Medical Civil Rights: The Exclusion of Physicians of Color from Managed Care - Business or Bias?
University of St. Thomas, St. Paul/Minneapolis, MN - School of Law
U of St. Thomas Legal Studies Research Paper No. 05-14
Physicians of all races and ethnicities have long voiced a litany of complaints against managed care. Much less publicized and more frequently ignored is the very serious complaint expressed by African-American, Asian-American, and Latino/a physicians - managed care organizations effectively discriminate against them. In the end, the direct impact of discriminatory or exclusionary practices is felt by minority patients enrolled in HMOs, PPOs and other managed care arrangements; patient choice in selecting physicians of similar racial/ethnic background is severely restricted, ultimately compromising both the quantity and quality of health care services patients of color receive. This Article analyzes whether managed care organizations are biased against minority physicians in five Parts.
Part I discusses the allegations of bias and examines the evidence supporting the claims. Part II analyzes the contracting patterns of managed care organizations and suggests that many of the physician selection and termination criteria unwittingly devalue the efficiency and quality of minority physicians, which often leads to inequitable actions and decisions. Moreover, this Part shows how exclusion from provider networks potentially widens the existing racial health gap. In Part III, the focus is on the history of exclusion within the medical profession. This history is important because it helped shape the organizational structure of minority physician practices, dictated the types of patients they serve, and influenced the location of their practices. The concluding two parts discuss remedies. Because the problem of exclusion is complicated, this Article proposes multiple remedies involving legislative solutions at the local, state and federal levels.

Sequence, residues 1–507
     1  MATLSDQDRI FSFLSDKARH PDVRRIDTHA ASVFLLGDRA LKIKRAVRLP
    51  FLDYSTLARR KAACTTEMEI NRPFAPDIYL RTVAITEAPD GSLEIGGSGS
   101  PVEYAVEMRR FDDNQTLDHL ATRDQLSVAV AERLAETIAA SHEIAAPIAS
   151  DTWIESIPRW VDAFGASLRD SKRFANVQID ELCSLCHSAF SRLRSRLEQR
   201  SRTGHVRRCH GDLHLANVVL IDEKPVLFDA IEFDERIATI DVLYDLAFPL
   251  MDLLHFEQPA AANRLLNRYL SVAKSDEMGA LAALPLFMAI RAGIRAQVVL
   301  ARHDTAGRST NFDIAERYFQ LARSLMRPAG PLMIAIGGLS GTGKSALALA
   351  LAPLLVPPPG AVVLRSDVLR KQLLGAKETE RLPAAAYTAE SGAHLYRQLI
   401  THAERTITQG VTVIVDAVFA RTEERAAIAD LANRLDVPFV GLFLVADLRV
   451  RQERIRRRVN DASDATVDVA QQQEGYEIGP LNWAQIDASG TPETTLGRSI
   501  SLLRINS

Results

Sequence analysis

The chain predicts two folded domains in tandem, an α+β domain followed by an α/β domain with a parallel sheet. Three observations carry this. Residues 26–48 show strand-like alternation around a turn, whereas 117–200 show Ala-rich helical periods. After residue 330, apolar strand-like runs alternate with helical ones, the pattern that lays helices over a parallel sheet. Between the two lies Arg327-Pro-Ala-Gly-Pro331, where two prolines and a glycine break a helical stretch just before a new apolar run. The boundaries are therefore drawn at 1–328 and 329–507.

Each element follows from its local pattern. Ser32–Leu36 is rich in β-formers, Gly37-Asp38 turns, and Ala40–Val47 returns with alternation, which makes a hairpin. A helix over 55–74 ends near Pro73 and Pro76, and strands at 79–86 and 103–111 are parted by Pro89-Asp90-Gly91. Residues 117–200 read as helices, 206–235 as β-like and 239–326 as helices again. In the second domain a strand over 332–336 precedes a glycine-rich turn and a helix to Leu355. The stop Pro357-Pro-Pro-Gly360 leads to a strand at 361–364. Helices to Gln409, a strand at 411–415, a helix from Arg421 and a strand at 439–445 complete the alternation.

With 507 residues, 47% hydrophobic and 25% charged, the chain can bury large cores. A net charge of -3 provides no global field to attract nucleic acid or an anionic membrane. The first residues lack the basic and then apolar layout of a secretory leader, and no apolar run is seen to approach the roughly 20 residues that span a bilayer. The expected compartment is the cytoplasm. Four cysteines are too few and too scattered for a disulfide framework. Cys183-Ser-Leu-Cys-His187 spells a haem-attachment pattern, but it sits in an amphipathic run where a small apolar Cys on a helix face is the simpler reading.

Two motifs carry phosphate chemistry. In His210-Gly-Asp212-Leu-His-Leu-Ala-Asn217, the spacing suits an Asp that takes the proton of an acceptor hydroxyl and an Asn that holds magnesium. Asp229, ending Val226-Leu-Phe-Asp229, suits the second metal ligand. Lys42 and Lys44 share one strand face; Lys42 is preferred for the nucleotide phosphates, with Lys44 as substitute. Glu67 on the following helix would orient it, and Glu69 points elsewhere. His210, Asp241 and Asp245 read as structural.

Number of Pages in PDF File: 58
Keywords: health care, race, minority health, health care discrimination, managed health care, medical profession, physicians, race and the law
Date posted: October 26, 2005